[JSR308] ELTS vs. ARRAY syntax for array annotations

Artemus Harper subanark at gmail.com
Mon Oct 15 16:14:33 EDT 2007

I would vote for the ELTS-IN since it matches Lists closely.
In that if
@Annotation1 SomeType[@Annotation2][@Annotation3]
were convertered to a list of lists, it would be:
@Annotation1 List<@Annotation2 List<@Annotation3 SomeType>>

On 10/15/07, Michael Ernst <mernst at csail.mit.edu> wrote:
> Igor's message raised an interesting point, on which I would like to
> solicit more discussion:
> > I believe principle P1 is more important for readability than
> > principle P3.
> Recall that section B.3 of the proposal states three principles for
> the array syntax:
>   P1:  Adding array levels should not change the meaning of existing
>   annotations.  A textual subpart of a declaration should describe a
>   type that is part of the declared type.
>   P2:  When two variables appear in a variable declaration, the
>   annotations should mean the same thing for both variables.
>   P3:  Type annotations before a declaration should refer to the full
>   type, just as variable annotations (which occur in the same position
>   -- at the very beginning of the declaration) refer to the entire
>   variable.
> For details, see the proposal: http://groups.csail.mit.edu/pag/jsr308/.
> The ELTS syntax (an annotation on brackets refers to the elements)
> violates principles P1 and P2.  The ARRAY syntax (an annotation on
> brackets refers to the array) violates principle P3.
> I would really like to see a syntax that satisfies all the principles,
> and that programmers find appealing and in the spirit of Java.  That
> doesn't seem possible.  Here are some alternatives:
>  * Use ARRAY syntax.  Violate P3.
>  * Use ELTS syntax.  Violate P1 and P2.
>  * Forbid array annotations.  Case studies on checkers that do and do
>    not support array annotations convince me that these are important.
>    For example, see section 6 (pages 7-8) of the technical report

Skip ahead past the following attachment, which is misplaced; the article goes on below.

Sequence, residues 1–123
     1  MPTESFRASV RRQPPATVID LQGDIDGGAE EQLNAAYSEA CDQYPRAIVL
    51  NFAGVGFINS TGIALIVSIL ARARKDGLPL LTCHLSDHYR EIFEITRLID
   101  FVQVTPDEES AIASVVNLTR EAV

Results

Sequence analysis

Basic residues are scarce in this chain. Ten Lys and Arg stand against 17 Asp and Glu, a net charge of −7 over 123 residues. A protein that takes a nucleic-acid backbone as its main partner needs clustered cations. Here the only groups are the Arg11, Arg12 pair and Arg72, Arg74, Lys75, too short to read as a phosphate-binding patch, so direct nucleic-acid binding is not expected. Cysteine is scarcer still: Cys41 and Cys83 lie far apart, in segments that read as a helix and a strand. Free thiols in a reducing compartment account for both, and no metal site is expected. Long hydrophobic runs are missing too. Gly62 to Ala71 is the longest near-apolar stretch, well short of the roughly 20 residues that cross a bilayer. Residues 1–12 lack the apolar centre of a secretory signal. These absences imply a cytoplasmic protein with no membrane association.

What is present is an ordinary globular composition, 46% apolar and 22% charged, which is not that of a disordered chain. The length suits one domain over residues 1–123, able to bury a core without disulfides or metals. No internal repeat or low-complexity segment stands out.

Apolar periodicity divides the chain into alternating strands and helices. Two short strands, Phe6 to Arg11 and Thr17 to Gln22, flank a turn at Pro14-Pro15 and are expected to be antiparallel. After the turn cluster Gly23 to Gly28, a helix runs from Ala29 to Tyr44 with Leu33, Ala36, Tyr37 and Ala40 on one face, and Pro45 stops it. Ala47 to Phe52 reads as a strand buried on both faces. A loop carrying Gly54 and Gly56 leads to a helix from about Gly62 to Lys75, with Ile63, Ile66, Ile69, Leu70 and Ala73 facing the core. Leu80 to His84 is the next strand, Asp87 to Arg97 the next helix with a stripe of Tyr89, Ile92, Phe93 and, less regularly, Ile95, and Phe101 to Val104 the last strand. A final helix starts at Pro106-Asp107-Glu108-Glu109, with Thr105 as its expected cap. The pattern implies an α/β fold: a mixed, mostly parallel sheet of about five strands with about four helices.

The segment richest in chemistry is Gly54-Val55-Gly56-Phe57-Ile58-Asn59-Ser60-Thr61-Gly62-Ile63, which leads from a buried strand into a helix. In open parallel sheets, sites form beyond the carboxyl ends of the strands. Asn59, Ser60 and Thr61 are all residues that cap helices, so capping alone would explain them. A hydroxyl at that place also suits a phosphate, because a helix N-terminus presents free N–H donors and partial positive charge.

>      Pluggable type-checking for custom type qualifiers in Java
>      http://people.csail.mit.edu/mernst/pubs/custom-types-tr047.pdf
>  * Use fully postfix syntax.  I have received many private comments
>    that this violates the feel of the Java language, but it is still a
>    possibility that has not been ruled out.
> I have flip-flopped between the ARRAY and ELTS syntax; neither is
> perfect, but they do seem better than the alternatives.  The question
> is which is better than the other.  I solicit more comments on this
> matter.  (I am not as concerned about the IN-vs-PRE-vs-POST decision,
> but perhaps it is linked to the ARRAY-vs-ELTS decision.)
> I would ask everyone who responds to show restraint in stating that
> one of the syntaxes is "more natural" or "easier for programmers to
> understand" than the others.  Over a year ago, I did a very
> unscientific study:  I walked around my building asking people in my
> building the meaning of annotations like "@Readonly Date[]".  To my
> considerable surprise, there was an almost perfect 50-50 split between
> the people who chose the ARRAY and the ELTS interpretation.  All of
> those people, when the other interpretation (and the principle it
> supported) was explained to them, were able to understand the logic
> behind it.  We have actually changed our implementation between the
> two meanings, and it's been easy to interpret the array annotations
> both before and after.  So I believe that both syntaxes are workable
> and can become intuitive to programmers.
> That said, examples of the syntax can be helpful.  As another note,
> I've found that sometimes different annotations lead to different
> intuitions (e.g., @Length vs. @Readonly vs. @NonNull), so we should
> consider a variety of possible annotations.
>                     -Mike
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Artemus Harper

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